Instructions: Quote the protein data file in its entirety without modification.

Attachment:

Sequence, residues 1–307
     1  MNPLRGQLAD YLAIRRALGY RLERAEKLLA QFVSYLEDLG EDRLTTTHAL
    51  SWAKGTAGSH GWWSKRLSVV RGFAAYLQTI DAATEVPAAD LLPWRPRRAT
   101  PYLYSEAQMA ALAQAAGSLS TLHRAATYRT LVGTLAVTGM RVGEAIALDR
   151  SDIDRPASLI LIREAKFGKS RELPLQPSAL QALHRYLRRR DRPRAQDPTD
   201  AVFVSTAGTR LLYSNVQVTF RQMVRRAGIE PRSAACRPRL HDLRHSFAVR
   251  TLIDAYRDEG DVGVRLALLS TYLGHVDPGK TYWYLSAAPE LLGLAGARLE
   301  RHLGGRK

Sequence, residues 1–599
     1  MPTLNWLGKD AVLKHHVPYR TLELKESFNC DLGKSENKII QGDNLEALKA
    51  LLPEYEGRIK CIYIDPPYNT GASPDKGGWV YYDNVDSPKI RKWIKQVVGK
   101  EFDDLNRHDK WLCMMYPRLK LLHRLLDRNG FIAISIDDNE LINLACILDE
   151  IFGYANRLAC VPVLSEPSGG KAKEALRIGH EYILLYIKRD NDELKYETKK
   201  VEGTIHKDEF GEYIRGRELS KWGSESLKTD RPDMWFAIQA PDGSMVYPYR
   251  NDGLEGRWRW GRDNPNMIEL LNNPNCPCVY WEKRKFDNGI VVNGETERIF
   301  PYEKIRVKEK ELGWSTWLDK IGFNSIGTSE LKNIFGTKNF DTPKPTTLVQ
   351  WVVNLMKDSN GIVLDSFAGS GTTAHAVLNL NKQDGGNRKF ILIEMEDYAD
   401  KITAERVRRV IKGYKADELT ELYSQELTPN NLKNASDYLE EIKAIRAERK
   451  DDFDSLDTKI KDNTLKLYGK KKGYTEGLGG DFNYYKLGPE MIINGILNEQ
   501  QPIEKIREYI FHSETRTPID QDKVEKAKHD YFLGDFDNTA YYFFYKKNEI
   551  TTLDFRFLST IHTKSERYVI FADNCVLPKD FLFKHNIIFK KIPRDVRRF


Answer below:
Sequence, residues 1–307
     1  MNPLRGQLAD YLAIRRALGY RLERAEKLLA QFVSYLEDLG EDRLTTTHAL
    51  SWAKGTAGSH GWWSKRLSVV RGFAAYLQTI DAATEVPAAD LLPWRPRRAT
   101  PYLYSEAQMA ALAQAAGSLS TLHRAATYRT LVGTLAVTGM RVGEAIALDR
   151  SDIDRPASLI LIREAKFGKS RELPLQPSAL QALHRYLRRR DRPRAQDPTD
   201  AVFVSTAGTR LLYSNVQVTF RQMVRRAGIE PRSAACRPRL HDLRHSFAVR
   251  TLIDAYRDEG DVGVRLALLS TYLGHVDPGK TYWYLSAAPE LLGLAGARLE
   301  RHLGGRK

Sequence, residues 1–599
     1  MPTLNWLGKD AVLKHHVPYR TLELKESFNC DLGKSENKII QGDNLEALKA
    51  LLPEYEGRIK CIYIDPPYNT GASPDKGGWV YYDNVDSPKI RKWIKQVVGK
   101  EFDDLNRHDK WLCMMYPRLK LLHRLLDRNG FIAISIDDNE LINLACILDE
   151  IFGYANRLAC VPVLSEPSGG KAKEALRIGH EYILLYIKRD NDELKYETKK
   201  VEGTIHKDEF GEYIRGRELS KWGSESLKTD RPDMWFAIQA PDGSMVYPYR
   251  NDGLEGRWRW GRDNPNMIEL LNNPNCPCVY WEKRKFDNGI VVNGETERIF
   301  PYEKIRVKEK ELGWSTWLDK IGFNSIGTSE LKNIFGTKNF DTPKPTTLVQ
   351  WVVNLMKDSN GIVLDSFAGS GTTAHAVLNL NKQDGGNRKF ILIEMEDYAD
   401  KITAERVRRV IKGYKADELT ELYSQELTPN NLKNASDYLE EIKAIRAERK
   451  DDFDSLDTKI KDNTLKLYGK KKGYTEGLGG DFNYYKLGPE MIINGILNEQ
   501  QPIEKIREYI FHSETRTPID QDKVEKAKHD YFLGDFDNTA YYFFYKKNEI
   551  TTLDFRFLST IHTKSERYVI FADNCVLPKD FLFKHNIIFK KIPRDVRRF